The Taliban has announced its intention to disrupt the elections, and last week carried out a murderous attack on a U.N. guesthouse in Kabul that housed many staff working on elections. Although these elections are described as Afghan-led, the election commission is heavily dependent on U.N. staff to carry out its logistical operations. Now, several of the U.N. staff are dead and many others have been evacuated for their safety, raising the practical question as to whether the commission is capable of pulling off the elections.
The U.N. Security Council gave the U.N. mission in Kabul the mandate to support the election commission in the holding of free, fair and transparent elections. But neither the commission nor Karzai has any interest in fair elections. Until recently, Kai Eide, the Norwegian diplomat who heads the U.N. mission, has taken the view that the U.N. had no authority to push the election commission to behave in a nonpartisan manner, even though the United Nations is paying about $200 million to hold the elections.
I served as Eide’s deputy and disagreed with his approach. With so much at stake for the success of the international military mission, I felt that the U.N. should view the election commission as the partisan body that it is and use our substantial leverage to insist on procedures to minimize fraud. Although ours was a private disagreement over policy, Eide lobbied for my removal, and U.N. Secretary-General Ban Ki-moon complied. Ban continues to embrace the laissez-faire approach, last week telling a reporter that the number of polling centers is entirely up to the election commission, even though everyone understands that more polling centers mean more ghost polling centers and more fraud.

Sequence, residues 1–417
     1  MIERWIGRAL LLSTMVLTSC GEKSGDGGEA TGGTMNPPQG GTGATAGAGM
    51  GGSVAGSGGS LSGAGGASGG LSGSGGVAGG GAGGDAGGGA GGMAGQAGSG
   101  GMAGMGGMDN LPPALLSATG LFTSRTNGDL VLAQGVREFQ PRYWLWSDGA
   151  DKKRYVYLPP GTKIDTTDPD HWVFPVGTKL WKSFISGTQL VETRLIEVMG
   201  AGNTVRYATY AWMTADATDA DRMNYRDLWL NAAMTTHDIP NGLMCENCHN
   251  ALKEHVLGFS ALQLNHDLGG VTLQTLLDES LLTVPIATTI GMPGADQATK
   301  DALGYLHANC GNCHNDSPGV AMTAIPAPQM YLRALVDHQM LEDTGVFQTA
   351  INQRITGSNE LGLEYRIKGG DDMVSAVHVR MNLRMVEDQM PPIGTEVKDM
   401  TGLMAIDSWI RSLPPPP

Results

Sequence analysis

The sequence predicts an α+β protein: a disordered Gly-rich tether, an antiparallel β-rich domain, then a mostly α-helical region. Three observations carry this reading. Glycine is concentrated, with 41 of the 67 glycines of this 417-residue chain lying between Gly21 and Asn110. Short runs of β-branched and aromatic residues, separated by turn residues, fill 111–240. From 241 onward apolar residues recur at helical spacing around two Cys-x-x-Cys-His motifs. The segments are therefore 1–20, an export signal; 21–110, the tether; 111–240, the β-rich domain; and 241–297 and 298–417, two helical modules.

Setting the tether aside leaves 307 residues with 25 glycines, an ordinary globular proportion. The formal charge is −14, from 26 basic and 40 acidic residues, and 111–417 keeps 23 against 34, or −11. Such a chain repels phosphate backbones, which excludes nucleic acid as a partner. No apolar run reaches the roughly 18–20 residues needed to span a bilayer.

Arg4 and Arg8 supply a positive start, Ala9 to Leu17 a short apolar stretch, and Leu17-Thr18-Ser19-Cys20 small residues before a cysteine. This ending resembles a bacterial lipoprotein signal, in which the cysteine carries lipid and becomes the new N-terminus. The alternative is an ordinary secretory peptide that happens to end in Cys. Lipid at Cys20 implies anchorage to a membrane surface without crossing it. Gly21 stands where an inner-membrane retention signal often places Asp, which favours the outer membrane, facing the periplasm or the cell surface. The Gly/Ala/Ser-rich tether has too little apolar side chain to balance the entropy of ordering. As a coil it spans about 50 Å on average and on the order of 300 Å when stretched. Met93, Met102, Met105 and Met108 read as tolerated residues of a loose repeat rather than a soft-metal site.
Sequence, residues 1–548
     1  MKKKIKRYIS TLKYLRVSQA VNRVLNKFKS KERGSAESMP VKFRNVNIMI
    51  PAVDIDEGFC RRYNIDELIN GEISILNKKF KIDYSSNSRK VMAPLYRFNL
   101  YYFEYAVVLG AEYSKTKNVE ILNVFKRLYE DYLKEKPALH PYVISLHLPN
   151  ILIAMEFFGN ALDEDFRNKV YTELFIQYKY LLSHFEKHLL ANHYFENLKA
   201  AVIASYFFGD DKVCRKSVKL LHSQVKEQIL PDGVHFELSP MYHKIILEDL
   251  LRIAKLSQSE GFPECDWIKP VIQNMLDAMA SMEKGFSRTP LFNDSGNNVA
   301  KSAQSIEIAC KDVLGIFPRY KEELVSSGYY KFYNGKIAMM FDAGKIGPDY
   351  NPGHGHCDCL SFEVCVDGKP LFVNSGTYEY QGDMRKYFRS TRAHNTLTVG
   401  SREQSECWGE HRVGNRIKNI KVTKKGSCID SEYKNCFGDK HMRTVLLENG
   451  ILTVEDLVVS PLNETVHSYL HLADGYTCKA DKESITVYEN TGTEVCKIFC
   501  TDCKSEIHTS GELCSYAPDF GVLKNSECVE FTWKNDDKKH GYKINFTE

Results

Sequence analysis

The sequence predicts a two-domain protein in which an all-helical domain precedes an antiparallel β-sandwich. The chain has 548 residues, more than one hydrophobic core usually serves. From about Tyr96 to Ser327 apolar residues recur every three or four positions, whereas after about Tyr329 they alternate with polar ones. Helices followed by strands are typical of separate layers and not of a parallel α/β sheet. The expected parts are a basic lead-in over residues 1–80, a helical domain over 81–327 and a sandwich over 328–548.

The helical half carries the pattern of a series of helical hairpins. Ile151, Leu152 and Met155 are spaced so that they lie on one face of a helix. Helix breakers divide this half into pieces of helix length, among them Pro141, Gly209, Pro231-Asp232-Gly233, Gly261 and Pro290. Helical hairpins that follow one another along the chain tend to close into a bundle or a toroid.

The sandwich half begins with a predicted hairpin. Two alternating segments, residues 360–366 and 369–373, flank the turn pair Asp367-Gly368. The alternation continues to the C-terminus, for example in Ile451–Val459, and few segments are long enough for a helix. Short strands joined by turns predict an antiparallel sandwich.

Most recently, Eide has tried to take a more aggressive approach, even telling foreign diplomats he wanted Karzai replaced by an interim government (an unconstitutional solution that could increase cynicism in Afghanistan about the democratic process). But Eide is the victim of his past passivity. The election commission has thumbed its nose at the U.N. by increasing the number of polling centers and rehiring the corrupt election officials.
With less than a week to go until the scheduled runoff, there is not much the U.S. can do to avoid a disastrous rerun of the August elections. But the Obama administration should be deeply skeptical about whatever results are announced. When the election commission announced preliminary results from the first round, Karzai’s total stood at 54% and Abdullah’s at 29%. A separate, U.N.-backed Electoral Complaints Commission examined just 10% of the suspect ballots and took Karzai’s total slightly below the 50% mark needed to avoid a runoff. ECC insiders tell me that they believe a full recount would have reduced the Karzai total to 41% and raised the Abdullah total to 34%. Although the conventional wisdom holds that Karzai will easily win the second round, that might not be true in an honest election.
As things stand, it is all but certain that there will not be an honest vote in Afghanistan on Saturday.